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Dr Teresa Roca, Senior Lecturer in Leadership and Human Resources at Northumbria Business School, shares how she uses Belbin across the world to give students a competitive advantage, increase employability and develop emotional and cultural intelligence.

"I have been using Belbin with our Undergraduate and Postgraduate students at Northumbria University for several years. More than 600 students complete their Belbin Individual Reports each year as part of the modules I deliver in the fields of Employability, Leadership and Human Resources."

How do you use Belbin?

Belbin is part of the set of tools and psychometric tests I deliver to contribute to students’ employability and career development.

I find it extremely useful in raising awareness of behaviour in teams and as part of their learning how to manage the self and others manage effectively.

Belbin is a very straightforward tool. It is easy for students to analyse and interpret their results and contribute to their experiential, developmental and assessed work.

Students complete their Belbin Team Roles assessment online and are asked whether they can identify behavioural patterns that will help them learn about themselves in a responsible and objective manner – that will support them to achieve their full potential.

How does Belbin affect employability?

I believe that our students have a competitive advantage as they go out into their chosen careers - that their Belbin reports have helped them become more self-aware and aware of behaviours in their peers. This makes them better able to understand differences in communication.

I also think that this knowledge and awareness contributes to the development of their emotional and cultural intelligence: by knowing about their own preferred Team Roles, their strengths and areas for development as well as of their peers, they learn to be sensitive to others.

When our students go to assessment centres, having carried out their Belbin profiles and self-reflection, they are better equipped 'to stand out from the crowd' when undertaking group exercises. 

Our postgraduate students are often looking for career progression so they are also advantaged if they choose to use Belbin. This may contribute to their having less conflict and miscommunication issues with the teams they lead and manage– making them more successful leaders or managers.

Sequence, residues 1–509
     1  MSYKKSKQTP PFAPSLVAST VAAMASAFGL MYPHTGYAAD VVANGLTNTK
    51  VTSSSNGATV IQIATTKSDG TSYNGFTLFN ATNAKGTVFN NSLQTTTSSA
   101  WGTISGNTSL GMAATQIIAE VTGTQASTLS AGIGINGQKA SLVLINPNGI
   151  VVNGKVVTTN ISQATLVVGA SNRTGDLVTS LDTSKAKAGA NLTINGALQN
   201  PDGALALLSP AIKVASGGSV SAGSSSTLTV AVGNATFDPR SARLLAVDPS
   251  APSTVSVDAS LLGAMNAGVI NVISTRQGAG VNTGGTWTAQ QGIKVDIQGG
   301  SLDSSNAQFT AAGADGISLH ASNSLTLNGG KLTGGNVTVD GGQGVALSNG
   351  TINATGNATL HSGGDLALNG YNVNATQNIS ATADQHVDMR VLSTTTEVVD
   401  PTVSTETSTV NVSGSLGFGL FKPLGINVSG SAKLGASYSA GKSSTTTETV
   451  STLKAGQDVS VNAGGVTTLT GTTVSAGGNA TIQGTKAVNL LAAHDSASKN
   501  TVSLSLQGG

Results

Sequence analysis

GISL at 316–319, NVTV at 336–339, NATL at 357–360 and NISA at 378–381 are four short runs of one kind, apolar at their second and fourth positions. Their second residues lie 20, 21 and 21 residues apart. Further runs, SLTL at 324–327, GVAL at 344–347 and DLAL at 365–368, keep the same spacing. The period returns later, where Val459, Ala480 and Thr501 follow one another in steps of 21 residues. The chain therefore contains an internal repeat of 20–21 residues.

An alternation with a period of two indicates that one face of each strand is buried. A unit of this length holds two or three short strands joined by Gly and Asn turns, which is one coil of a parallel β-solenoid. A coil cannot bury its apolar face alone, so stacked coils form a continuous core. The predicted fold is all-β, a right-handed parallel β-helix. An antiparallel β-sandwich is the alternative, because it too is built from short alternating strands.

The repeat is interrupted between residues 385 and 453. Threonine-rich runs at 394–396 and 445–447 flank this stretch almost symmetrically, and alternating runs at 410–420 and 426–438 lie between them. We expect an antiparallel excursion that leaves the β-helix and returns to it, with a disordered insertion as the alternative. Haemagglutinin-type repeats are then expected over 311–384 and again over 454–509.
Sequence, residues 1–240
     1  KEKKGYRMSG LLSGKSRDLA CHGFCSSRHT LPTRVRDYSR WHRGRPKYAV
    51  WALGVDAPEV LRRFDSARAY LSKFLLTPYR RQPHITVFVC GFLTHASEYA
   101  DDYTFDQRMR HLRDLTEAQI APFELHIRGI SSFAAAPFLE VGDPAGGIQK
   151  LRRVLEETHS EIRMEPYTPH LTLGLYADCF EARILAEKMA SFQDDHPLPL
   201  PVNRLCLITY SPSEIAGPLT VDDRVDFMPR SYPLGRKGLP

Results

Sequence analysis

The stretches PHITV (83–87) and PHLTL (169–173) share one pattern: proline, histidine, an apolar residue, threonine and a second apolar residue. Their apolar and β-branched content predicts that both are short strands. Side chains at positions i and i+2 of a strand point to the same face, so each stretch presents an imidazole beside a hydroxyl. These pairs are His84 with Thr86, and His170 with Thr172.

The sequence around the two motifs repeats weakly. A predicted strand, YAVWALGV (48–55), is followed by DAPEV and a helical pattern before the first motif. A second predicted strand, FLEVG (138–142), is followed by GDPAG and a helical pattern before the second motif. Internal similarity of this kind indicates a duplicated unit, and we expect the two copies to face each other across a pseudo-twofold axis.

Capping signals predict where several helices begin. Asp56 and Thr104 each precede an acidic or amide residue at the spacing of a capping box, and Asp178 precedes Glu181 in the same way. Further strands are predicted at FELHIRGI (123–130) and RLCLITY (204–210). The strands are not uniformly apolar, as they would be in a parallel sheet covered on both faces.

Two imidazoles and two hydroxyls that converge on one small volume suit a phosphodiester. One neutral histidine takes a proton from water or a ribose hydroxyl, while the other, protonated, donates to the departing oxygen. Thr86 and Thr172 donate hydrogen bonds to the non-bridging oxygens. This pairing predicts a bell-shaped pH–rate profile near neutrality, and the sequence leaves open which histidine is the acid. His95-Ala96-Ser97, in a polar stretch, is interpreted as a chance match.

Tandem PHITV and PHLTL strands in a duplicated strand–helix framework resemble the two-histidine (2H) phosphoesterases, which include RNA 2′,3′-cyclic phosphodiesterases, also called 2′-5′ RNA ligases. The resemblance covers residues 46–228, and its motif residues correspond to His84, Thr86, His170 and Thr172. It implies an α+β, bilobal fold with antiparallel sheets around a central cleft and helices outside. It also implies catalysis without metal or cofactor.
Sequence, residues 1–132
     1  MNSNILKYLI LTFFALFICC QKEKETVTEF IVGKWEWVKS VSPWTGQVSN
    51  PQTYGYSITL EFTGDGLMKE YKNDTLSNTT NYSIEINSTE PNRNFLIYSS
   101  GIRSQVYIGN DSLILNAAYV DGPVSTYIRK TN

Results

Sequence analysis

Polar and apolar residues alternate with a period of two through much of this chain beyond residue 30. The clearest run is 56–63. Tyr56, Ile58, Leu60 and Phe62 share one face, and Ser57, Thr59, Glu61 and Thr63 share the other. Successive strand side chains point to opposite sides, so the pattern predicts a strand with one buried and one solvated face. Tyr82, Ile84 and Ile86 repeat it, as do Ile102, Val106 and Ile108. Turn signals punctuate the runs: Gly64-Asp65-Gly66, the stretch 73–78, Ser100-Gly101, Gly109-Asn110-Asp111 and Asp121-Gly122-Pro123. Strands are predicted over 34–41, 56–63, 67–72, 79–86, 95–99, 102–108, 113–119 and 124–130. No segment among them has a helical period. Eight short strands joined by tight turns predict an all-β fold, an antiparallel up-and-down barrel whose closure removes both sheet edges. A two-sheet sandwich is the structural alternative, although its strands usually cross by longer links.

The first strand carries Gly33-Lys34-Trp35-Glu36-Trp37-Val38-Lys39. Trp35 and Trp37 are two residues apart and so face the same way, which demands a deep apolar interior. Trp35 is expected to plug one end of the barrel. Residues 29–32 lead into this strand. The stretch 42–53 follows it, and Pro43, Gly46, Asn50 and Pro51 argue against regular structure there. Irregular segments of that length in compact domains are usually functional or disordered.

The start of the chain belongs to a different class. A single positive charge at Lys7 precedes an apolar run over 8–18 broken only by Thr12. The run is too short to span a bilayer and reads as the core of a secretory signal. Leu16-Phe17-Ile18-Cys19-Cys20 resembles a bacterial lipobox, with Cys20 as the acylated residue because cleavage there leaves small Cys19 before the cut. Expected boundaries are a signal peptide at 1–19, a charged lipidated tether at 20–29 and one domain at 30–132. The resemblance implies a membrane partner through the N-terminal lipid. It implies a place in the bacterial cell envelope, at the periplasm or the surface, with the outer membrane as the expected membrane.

They may also choose to use Belbin in their selection procedures and demonstrate that they are not just more employable by having essential soft skills – they may be seen as furthering their own careers and those of others.

Using Belbin with Undergraduates

I use Belbin with more than 400 undergraduate students each year.

Belbin equips students with the knowledge and skills to go on a journey of self-discovery and make better-informed career choices. They use a series of developmental tools and psychometric tests.

Belbin is at the heart of their experiences with teamwork.

Belbin Team Role theory is explained in a theoretical lecture before the Self Perception Inventories are completed. The resulting report goes directly to students. These are then used in group exercises in seminars and students can choose who they want to work with.

We recommend that they look to build balanced teams– it is always interesting to see how activities unfold. The activities enable them to draw on their Belbin profiles – students are usually curious and excited about the possibility of learning more about themselves. They are also prompted to ask for Observer feedback.

Using Belbin with postgraduates

Belbin is also an integral part of my delivery within Master’s studies. Belbin supports the development of Master’s students who endeavour to be more successful managers and leaders.

In the UK, we use Belbin as part of a series of activities during residential weekends for MSc students.

I have also used Belbin in Singapore with cohorts of high-profile, part-time MBA students in residential weekends which are organised around teaching students self-awareness and team work skills.

They enormously valued identifying the opportunities to use Belbin within their jobs and future projects. The feedback in Singapore in particular, was fantastic.

Belbin is not just a way to develop themselves in isolation - students appreciate the feedback from others in the residentials and from their workplace colleagues and superiors.

Using Belbin to teach conflict management skills

My lectures teach students of different levels (level 6 and 7) to spend more time reflecting on themselves and others.

They use Belbin to find explanations and provide evidence for their behaviours, emotions and modus operandi in critical incidents and scenarios to deepen their self-awareness of how and why they acted in certain ways.

In turn, they develop their problem-solving and/or conflict resolution strategies, by acquiring invaluable know how to build on in their careers.

Conflict is inevitable in the workplace. I am committed to suggest to our students not to look to avoid problems, but instead, to learn and be empowered to address it effectively through deeper understanding of themselves and others.

Belbin is a tool that enables us to equip students with the skills, knowledge and awareness to address these issues both professionally and within their relationships.

Our students become empowered and more resilient. They have another window into their understanding of themselves and other human beings.

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